We next compared the effects of γTriDAP on the C20 clone and several additional cell lines including parental MCF-7 cells overexpressing human Nod1 (MCF-7 Nod1) and the parental line transfected with an empty retroviral vector (MCF-7 Blasto; Fig. 2). MCF-7 cells were treated with γTriDAP in the presence or absence of CHX, and cell death was determined by propidium iodide (PI) staining and flow cytometry. Exposure of wild-type cells to γTriDAP in the presence of CHX induced ≈25% cell death, with no death in cells treated with CHX or γTriDAP alone. The C20 cells were totally resistant to the effects of γTriDAP plus CHX, whereas the same treatment induced extensive cell death in MCF-7 Nod1 cells after 48 h of treatment. A control tripeptide, Ala-αGlu-meso-diaminopimelic acid (αTriDAP), in which meso-diaminopimelic acid is bound to Glu in the α position rather than the γ position as in γTriDAP, did not induce cell death with or without CHX. Importantly, the changes in sensitivity to γTriDAP shown with MCF-7 C20 cells were not seen with other proapoptotic stimuli including doxorubicin and camptothecin, where the parental and C20 clones were equally sensitive to cell death (data not shown). To show that resistance of C20 cells to γTriDAP-induced apoptosis resulted from the absence of Nod1, we stably expressed human Nod1 in MCF-7 C20 cells to produce Nod1 sufficient C20 cells (C20/Nod1). Reintroduction of Nod1 restored full sensitivity of these cells to γTriDAP-induced apoptosis (Fig. 2, lower right). In fact, we observed that overexpression of Nod1 in the C20 clone enhanced sensitivity to γTriDAP-induced apoptosis, and, likewise, stable transfectants of the parental MCF-7 line that overexpressed Nod1 also showed increase sensitivity to apoptosis when Nod1 is activated. Importantly, the ability to complement the deficient functional responses by expression of Nod1 supports our contention that the phenotype of the MCF-7 C20 cells results from a single defect, namely the failure to express Nod1.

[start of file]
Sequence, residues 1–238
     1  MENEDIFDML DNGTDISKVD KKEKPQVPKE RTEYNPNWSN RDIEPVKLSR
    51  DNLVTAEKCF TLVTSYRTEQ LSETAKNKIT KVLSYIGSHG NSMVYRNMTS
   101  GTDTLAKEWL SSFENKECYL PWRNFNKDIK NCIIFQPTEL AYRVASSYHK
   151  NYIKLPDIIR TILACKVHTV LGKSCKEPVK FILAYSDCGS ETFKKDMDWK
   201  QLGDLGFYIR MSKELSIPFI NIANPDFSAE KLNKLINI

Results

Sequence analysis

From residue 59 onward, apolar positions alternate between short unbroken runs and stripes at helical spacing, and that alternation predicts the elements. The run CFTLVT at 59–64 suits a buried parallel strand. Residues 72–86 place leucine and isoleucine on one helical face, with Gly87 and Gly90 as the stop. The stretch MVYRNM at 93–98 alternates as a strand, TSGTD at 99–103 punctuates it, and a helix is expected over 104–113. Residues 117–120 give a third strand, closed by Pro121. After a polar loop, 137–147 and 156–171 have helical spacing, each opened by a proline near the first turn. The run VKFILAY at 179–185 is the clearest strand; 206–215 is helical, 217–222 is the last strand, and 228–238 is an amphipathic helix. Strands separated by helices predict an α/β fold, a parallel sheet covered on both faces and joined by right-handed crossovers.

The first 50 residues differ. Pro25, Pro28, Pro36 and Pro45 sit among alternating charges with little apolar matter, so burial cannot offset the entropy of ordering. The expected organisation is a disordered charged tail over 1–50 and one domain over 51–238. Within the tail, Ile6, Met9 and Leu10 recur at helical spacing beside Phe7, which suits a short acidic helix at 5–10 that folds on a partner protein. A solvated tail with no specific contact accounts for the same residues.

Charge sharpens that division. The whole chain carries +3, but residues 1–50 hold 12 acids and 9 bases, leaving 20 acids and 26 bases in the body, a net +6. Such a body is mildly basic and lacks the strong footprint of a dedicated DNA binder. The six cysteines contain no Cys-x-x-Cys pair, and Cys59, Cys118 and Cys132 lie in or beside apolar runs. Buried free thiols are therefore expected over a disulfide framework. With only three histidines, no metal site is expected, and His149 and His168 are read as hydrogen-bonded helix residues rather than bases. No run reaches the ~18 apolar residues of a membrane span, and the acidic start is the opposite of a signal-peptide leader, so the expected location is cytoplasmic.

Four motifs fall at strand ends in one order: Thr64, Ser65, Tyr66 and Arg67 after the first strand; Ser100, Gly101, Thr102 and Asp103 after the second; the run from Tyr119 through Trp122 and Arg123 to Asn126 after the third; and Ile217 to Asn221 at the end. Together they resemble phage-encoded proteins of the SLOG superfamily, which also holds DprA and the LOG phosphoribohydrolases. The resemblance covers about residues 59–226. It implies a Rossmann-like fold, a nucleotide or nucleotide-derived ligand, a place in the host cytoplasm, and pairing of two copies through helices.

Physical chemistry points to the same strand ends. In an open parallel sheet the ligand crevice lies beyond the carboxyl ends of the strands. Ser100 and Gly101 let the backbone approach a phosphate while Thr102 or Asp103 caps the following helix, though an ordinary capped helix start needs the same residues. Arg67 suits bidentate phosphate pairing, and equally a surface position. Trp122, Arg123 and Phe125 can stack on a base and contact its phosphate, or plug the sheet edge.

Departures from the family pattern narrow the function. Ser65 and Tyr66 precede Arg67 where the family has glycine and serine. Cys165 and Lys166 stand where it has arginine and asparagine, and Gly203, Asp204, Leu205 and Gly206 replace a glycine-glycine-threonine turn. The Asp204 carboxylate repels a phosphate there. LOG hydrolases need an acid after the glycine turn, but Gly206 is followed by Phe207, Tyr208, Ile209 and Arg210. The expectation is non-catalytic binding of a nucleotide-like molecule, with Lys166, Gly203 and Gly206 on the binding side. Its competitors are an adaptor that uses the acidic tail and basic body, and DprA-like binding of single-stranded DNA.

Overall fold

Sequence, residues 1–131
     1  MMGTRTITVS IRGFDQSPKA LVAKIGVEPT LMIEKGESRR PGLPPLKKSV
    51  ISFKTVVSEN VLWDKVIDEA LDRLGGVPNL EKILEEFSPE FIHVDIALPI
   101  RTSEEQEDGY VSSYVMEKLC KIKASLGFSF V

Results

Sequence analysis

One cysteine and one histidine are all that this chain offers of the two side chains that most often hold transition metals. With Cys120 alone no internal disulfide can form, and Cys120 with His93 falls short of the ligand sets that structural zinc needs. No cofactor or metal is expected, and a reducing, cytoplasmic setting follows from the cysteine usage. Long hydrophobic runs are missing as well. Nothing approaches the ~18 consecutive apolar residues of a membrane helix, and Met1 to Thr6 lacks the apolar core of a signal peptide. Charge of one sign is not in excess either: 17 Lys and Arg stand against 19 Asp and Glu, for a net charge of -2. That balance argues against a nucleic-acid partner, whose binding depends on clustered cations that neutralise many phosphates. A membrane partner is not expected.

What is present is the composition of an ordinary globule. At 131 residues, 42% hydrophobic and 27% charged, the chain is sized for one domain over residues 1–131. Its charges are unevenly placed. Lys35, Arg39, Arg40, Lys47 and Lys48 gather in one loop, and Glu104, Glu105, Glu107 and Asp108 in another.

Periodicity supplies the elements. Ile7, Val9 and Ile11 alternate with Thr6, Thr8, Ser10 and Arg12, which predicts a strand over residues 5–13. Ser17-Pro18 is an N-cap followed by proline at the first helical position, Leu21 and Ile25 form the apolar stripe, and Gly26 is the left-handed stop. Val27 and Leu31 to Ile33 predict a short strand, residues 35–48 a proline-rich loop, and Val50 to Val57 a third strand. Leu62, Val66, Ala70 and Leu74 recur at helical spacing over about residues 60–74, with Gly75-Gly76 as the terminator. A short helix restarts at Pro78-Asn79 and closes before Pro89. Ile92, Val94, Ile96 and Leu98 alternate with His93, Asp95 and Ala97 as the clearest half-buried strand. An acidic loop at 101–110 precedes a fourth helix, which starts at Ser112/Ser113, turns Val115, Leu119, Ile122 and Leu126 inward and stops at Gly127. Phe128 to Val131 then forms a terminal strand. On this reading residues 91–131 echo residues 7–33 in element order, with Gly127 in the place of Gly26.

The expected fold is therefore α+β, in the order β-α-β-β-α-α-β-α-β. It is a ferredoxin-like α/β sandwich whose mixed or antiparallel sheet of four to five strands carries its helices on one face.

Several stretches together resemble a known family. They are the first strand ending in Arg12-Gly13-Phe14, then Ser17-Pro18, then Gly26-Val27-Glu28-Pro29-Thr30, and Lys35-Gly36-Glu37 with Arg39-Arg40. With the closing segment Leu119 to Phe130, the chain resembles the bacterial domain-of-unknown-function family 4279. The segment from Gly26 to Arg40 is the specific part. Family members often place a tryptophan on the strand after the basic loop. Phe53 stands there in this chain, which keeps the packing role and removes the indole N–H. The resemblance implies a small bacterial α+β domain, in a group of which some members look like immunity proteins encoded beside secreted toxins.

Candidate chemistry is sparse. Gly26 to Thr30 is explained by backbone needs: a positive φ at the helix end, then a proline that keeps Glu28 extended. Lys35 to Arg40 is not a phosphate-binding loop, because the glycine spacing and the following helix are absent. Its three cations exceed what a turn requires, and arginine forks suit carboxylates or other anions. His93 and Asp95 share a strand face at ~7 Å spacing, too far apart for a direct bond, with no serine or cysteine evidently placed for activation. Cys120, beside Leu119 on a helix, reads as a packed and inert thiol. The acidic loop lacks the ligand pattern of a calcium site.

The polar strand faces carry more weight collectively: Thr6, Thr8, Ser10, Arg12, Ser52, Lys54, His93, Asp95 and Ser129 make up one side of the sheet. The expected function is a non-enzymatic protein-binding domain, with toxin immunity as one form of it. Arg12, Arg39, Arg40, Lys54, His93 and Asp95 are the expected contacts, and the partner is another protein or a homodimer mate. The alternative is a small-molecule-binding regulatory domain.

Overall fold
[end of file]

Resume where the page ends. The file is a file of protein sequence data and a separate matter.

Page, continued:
Fig. 2.
Nod1 mediates γTriDAP-induced cell death. MCF-7 Blasto, MCF-7 Nod1, MCF-7 C20, and MCF-7 C20/Nod1 cells were treated with γTriDAP or αTriDAP (20 μg/ml each) in the presence or absence of CHX (3 μg/ml). Cell viability ...

We also examined a second breast cancer-derived cell line, SK-BR3, for the presence of a Nod1-dependent apoptotic pathway. These cells were stably transfected with Nod1, and sensitivity to γTriDAP was analyzed. Cells were treated with various combinations of TNFα and γTriDAP in the presence or absence of CHX. The percentage of apoptosis was monitored by PI staining. As shown in Fig. 3, treatment with TNFα/CHX for 24 h was slightly cytotoxic. By contrast, addition of γTriDAP dramatically enhanced apoptosis of cells exposed to TNFα/CHX (80% vs. 40%). We also characterized the activation of different members of the caspase family and monitored proteolytic processing of poly(ADP-ribose) polymerase (PARP) in SK-BR3 cells. PARP and caspases 3, 7, and 8 were cleaved completely in TNFα/CHX/γTriDAP-treated cells. Only partial processing of PARP was observed in the presence of TNFα/CHX. The presence of αTriDAP did not enhance TNFα-induced apoptosis, showing again the specificity of γTriDAP. In studies not shown here, we also determined that γTriDAP and TNFα synergize to produce cell death in MCF-7 cells, similar to what we observed with the SK-BR3 cells. In totality, these data indicate that Nod1 regulates apoptotic pathways in multiple cell lines.